Finding a Suitable Home (Journal) for your Article, Report, Review, or Essay
I love finding journals for my work. Maybe it is the chance to run free with my imagination, entertaining a variety of possible hosts with whom to share my work. It is sort of like speed dating: reviewing journal aims and scopes, checking their recently published articles, perusing who is on the editorial board, all the while wondering if they will be interested in what I have to share, and hoping that they will be helpful to me in clarifying my work and understanding how it fits in the field that we evidently both care so much about.
Would you be interested in publishing my work? (bitmoji.com)
My first step is always to think broadly about who might be interested in my work. Today there are tens of thousands of refereed academic journals, so it is possible to find a handful of hyper-specific journal aims into which your article will fit. For example, I just finished a qualitative research report on significant learning experiences in asynchronous online courses. Suitable journals might include those that focus on qualitative research, phenomenological research, educational research, higher ed, online learning, distance education, humanistic learning theory, and so on. There are even journals that focus on qualitative research in higher education, or phenomenology and pedagogy, or online learning in higher ed. Etc. Find one or more suitable scholarly areas for your work.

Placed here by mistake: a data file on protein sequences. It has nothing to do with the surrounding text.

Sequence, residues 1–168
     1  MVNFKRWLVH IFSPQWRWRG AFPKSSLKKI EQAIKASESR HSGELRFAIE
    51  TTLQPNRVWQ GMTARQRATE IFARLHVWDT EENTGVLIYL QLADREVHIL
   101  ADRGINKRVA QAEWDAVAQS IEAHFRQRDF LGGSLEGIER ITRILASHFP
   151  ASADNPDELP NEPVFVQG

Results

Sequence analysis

Next, go to scimagojr.com. Using the dropdown toolbars, choose the areas of scholarship, narrowing it down as well as you can with their categories. Social Sciences>> E-Learning >> USA is what I chose. (USA includes only those journals published in the US or edited by people living in the US.) This yielded around 300 journals to choose from. I found maybe 12 journals that look suitable.
The journals are listed by the SCIMAGO ranking system, which I imagine is similar to ordinary protocols that go by the number of citations an article receives on average. But just because a journal is a lower tier, it doesn't mean that it will be easy to have your article published.
Review the aims and scope of each journal, removing those that have specific aims that you do not cover. If everything seems good, then review a few issues to see if your article would fit into them. Once you are satisfied, it is time to prepare your manuscript for peer review.
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